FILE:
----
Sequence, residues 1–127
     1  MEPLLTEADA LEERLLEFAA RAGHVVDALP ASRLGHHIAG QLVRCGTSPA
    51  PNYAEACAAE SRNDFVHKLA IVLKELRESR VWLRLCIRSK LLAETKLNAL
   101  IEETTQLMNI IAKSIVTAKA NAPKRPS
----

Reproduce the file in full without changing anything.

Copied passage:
Sequence, residues 1–127
     1  MEPLLTEADA LEERLLEFAA RAGHVVDALP ASRLGHHIAG QLVRCGTSPA
    51  PNYAEACAAE SRNDFVHKLA IVLKELRESR VWLRLCIRSK LLAETKLNAL
   101  IEETTQLMNI IAKSIVTAKA NAPKRPS